Colorado's Bankruptcy
& Family Law Firm

Serving clients in South Metro & Front Range

Offices conveniently located in Denver, Aurora, Englewood, Highlands Ranch, and Lakewood

As a Denver family law and bankruptcy attorney, Mark J. Berumen is sensitive to his clients' needs on a personal level and strives to provide them thorough, level-headed, knowledgeable, reliable and effective legal counsel every step of the way. You do not have to let bankruptcy and family law decisions fall on your shoulders alone.

Can I Continue To Operate My Business If I File For Bankruptcy?

If you are a business owner, you are well aware that your business is your livelihood. Therefore, when your business is struggling to meet incoming bills and other outstanding debts, it can be a strain on you and your family in many ways. While the number of businesses filing for bankruptcies has been on the…

September 5, 2018

If you are a business owner, you are well aware that your business is your livelihood. Therefore, when your business is struggling to meet incoming bills and other outstanding debts, it can be a strain on you and your family in many ways.

While the number of businesses filing for bankruptcies has been on the decline for the past several years, there are still many businesses that find that they must turn to bankruptcy to remedy a desperate financial situation.

Unfortunately, the process of filing for bankruptcy is a challenging hurdle for any business – and family associated therewith – to overcome. This is especially true in a modern-day economy that does not serve to favor the small town, locally owned businesses.

Not only is filing for bankruptcy emotionally and mentally draining, but it also comes with many outlying questions. Specifically, many business owners find themselves concerned with whether filing for bankruptcy means that they must shut down their business.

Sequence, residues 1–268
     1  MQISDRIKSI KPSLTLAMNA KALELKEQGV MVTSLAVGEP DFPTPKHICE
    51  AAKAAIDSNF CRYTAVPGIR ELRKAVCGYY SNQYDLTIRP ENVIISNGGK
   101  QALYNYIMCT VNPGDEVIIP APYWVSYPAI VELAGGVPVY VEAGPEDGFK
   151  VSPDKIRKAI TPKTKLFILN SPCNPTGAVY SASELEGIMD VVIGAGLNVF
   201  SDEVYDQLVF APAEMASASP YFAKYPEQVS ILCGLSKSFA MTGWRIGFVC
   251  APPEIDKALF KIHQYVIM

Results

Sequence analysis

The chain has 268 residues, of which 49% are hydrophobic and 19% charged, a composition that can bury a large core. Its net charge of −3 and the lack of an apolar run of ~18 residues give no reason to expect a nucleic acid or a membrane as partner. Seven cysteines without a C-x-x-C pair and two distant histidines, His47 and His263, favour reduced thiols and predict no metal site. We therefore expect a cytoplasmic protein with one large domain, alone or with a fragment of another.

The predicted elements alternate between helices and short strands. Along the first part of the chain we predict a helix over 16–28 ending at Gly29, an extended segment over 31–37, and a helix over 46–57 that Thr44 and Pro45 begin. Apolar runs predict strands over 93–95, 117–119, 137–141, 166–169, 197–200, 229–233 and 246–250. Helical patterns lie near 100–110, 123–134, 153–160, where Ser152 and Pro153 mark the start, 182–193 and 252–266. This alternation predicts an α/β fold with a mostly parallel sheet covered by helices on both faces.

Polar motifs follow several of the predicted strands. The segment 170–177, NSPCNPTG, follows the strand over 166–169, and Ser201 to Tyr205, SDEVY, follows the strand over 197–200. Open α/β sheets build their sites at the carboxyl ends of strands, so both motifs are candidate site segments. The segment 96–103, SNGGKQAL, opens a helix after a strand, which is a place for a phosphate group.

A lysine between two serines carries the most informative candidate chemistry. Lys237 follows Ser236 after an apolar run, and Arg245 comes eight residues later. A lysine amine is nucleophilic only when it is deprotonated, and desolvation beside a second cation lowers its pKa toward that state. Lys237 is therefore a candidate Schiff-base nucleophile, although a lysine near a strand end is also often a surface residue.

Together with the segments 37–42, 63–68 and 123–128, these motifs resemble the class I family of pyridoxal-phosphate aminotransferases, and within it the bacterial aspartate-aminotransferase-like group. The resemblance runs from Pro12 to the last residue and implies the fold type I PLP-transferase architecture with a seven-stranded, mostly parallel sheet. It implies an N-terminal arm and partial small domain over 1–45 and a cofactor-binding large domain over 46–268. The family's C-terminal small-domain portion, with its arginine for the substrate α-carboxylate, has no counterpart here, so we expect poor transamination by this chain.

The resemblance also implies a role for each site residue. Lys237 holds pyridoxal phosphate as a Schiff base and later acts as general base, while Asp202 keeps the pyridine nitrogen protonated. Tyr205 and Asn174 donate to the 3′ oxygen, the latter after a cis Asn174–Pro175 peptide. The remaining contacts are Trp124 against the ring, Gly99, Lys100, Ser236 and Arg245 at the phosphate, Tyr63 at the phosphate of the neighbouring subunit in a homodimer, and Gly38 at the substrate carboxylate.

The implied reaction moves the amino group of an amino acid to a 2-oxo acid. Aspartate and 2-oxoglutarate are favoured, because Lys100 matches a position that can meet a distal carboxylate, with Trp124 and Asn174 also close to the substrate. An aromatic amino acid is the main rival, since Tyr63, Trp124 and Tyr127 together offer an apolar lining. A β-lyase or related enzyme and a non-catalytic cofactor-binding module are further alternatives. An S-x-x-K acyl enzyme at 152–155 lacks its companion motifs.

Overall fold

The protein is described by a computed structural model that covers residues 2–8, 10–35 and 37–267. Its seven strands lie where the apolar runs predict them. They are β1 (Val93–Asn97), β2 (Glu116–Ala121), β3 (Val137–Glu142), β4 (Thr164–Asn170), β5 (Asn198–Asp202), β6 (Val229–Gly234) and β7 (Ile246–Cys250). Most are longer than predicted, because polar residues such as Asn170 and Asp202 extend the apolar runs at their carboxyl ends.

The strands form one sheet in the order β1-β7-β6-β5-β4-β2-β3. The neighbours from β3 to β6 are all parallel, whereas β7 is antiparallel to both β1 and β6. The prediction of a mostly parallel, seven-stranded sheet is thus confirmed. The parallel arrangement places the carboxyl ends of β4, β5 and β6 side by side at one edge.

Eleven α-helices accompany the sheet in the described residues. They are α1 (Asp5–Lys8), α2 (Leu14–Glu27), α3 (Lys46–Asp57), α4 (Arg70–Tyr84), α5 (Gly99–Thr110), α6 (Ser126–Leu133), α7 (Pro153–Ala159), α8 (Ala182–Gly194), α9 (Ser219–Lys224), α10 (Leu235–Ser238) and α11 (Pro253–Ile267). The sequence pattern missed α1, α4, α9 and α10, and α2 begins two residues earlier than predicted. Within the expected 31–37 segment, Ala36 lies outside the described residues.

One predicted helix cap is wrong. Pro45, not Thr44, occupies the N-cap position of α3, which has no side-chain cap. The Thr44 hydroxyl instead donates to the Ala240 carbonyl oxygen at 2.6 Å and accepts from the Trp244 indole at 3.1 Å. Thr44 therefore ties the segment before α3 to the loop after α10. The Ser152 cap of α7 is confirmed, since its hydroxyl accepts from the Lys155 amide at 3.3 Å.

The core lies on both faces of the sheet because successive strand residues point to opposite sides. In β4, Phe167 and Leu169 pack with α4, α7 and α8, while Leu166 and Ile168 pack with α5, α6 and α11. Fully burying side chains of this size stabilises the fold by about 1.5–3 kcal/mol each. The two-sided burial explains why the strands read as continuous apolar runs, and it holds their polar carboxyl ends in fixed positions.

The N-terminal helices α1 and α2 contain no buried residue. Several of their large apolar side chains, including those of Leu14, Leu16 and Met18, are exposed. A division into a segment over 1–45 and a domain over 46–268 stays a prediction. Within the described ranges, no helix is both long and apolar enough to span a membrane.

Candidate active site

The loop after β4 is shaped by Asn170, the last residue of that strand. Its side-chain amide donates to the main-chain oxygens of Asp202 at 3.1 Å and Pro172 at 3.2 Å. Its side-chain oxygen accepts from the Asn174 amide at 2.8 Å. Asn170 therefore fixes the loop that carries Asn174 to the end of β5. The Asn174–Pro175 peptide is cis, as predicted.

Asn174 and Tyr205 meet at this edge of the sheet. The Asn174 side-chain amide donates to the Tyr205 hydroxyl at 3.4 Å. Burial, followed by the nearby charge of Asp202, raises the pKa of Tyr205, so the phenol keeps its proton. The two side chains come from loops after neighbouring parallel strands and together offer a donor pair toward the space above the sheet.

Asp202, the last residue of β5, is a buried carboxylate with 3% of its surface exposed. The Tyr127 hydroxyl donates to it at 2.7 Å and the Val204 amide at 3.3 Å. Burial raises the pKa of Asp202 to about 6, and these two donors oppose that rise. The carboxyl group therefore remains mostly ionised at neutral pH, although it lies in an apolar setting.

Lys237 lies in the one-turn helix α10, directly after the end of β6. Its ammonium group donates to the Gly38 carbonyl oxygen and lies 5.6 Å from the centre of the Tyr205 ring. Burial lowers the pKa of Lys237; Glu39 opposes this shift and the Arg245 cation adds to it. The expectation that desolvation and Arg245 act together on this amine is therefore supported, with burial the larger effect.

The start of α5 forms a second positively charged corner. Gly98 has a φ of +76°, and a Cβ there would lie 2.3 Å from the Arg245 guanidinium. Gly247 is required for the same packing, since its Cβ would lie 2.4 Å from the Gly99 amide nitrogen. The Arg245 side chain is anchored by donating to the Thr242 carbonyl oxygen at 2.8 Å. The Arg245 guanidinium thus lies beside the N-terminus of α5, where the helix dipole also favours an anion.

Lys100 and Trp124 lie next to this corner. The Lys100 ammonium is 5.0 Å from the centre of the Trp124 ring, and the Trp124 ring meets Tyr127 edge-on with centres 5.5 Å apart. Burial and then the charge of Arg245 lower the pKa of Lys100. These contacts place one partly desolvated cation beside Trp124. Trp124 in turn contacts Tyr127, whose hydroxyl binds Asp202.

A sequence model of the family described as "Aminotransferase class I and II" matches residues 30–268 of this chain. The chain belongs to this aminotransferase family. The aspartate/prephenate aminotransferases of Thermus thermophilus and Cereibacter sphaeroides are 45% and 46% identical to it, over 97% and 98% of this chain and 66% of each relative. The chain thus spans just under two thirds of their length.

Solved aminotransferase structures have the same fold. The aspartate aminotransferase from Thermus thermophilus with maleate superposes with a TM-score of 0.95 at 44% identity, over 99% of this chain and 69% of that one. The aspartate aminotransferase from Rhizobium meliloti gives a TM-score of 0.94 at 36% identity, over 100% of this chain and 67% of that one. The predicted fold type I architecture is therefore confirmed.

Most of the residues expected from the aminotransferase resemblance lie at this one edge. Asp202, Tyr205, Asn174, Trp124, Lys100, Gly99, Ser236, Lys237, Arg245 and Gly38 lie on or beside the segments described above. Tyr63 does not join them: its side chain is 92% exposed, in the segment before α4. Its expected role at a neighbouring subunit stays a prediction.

While every situation is different and your decision may vary based on the nature of your business and the type of bankruptcy you are filing, there are several factors to consider in determining whether you can continue to operate your business if you file for bankruptcy.

Determine What Type of Bankruptcy is Being Filed

When it comes to figuring out whether you can keep running your business after filing for bankruptcy, you must take into consideration what type of bankruptcy is being filed. The main difference is found between a Chapter 7 bankruptcy and a Chapter 11 bankruptcy.

Chapter 7 bankruptcies can vary when it comes to businesses, as it depends on how you own the business. Businesses such as partnerships and LLCs can function as separate legal entities, owning their own property and protecting you individually. Alternatively, if you own the business as a sole proprietorship, you may only file for personal bankruptcy. Overall, a Chapter 7 bankruptcy is more likely to result in liquidation of the business.

In Chapter 11 bankruptcies, businesses keep running in order to make money to repay creditors. Therefore, Chapter 11 bankruptcies are more beneficial for those who seek to keep their business open, as it involves paying off outstanding debts over time.

Determine Whether the Business is Making Money

No matter what type of bankruptcy you are filing, whether it be on behalf of the business or on a personal level, you need to take into account your current financial state.

After deciding to file for bankruptcy, your first action-item should consist of looking at your costs and profits. If running your business is causing you (or the business) to lose money day-by-day, you will want to cut-back on that cost. In this situation, perhaps shutting down your business or cutting back on operations when you file for bankruptcy is a good plan – even if it is temporary. If you are running a low-cost business this may not be as much of an issue.

Determine Whether you are Personally Liable for any of the Business Debts

It is important to remember that if you file for bankruptcy, any LLC or business ownership can be included in your bankruptcy estate. A bankruptcy trustee may take over shares of any corporate or business ownership interest, sell it, and distribute any proceeds to the business’s creditors. If a corporation is owned by many members, however, it is possible that you may be able to file for a personal bankruptcy without any interruption to the business.

If you are personally liable for any of your business debts, you may want to consider taking a different approach than a shut-down. While you should not take on more debt in the face of filing for bankruptcy, keeping your business running may be beneficial when it comes to negotiating with creditors, especially if you find yourself unable to satisfy business debts and are concerned about the possibility that creditors will attempt to obtain your personal property.

Ultimately, filing for bankruptcy as a business owner is challenging and requires high attention to detail. If you are a business owner who is thinking about or in the midst of filing for bankruptcy, contact our Colorado bankruptcy specialists today.

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